Antioxidants from fruits and vegetables lower the risk for premature death, according to a review published in Advances in Nutrition. Researchers reviewed 41 studies that compared mortality with dietary patterns, including antioxidant consumption rates. Results showed higher concentrations of antioxidants, including vitamin C, lycopene, beta-carotene, and selenium, were associated with lower risk for all-cause mortality, compared to lower concentrations of these and other antioxidants. These nutrients lower oxidative stress and risk for various chronic diseases. The authors suggest that policies focus on increasing fruit and vegetable consumption across the population in order to curb rising disease rates.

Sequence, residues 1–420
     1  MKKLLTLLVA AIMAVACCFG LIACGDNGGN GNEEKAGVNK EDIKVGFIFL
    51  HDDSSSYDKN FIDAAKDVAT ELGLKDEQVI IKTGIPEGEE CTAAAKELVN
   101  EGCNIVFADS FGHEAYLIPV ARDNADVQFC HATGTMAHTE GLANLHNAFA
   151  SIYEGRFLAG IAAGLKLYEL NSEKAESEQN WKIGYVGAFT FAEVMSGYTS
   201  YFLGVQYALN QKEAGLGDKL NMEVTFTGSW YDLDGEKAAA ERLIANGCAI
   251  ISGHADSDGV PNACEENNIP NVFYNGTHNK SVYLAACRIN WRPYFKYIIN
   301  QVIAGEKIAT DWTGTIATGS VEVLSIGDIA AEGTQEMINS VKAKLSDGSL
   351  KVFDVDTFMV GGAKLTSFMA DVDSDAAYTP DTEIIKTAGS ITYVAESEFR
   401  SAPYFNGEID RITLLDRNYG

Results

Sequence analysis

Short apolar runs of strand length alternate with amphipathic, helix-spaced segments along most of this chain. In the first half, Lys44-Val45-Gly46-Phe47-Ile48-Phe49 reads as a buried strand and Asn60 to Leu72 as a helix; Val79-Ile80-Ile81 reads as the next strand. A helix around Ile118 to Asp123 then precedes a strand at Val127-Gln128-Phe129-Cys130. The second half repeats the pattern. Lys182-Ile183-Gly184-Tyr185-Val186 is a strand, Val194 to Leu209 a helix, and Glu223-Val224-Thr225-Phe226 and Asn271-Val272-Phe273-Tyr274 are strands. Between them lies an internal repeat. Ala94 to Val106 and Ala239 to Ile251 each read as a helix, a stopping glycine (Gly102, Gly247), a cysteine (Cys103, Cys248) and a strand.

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Jayedi A, Rashidy-Pour A, Parohan M, Zargar MS, Shab-Bidar S. Dietary antioxidants, circulating antioxidant concentrations, total antioxidant capacity, and risk of all-cause mortality: a systematic review and dose-response meta-analysis of prospective observational studies. Adv Nutr. 2018;9:701-716.